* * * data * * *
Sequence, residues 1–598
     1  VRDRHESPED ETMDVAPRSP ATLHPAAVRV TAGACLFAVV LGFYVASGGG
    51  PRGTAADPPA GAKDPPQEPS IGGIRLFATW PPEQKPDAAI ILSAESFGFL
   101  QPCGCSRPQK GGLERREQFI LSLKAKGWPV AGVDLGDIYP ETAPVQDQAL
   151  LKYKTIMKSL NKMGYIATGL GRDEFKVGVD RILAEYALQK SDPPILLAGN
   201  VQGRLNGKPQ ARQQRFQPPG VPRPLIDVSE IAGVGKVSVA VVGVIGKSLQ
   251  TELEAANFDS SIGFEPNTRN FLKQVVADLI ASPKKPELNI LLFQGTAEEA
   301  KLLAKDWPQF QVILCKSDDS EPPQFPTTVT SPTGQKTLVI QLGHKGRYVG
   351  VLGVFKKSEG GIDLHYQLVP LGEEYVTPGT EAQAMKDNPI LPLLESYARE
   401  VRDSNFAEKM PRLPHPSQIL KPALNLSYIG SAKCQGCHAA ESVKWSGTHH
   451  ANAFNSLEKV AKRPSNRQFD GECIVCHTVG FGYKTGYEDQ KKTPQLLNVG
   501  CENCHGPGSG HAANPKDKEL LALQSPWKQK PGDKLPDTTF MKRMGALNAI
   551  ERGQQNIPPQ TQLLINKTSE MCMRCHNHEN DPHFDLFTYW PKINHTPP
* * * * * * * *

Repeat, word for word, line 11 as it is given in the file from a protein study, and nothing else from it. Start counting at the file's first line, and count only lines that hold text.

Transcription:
   451  ANAFNSLEKV AKRPSNRQFD GECIVCHTVG FGYKTGYEDQ KKTPQLLNVG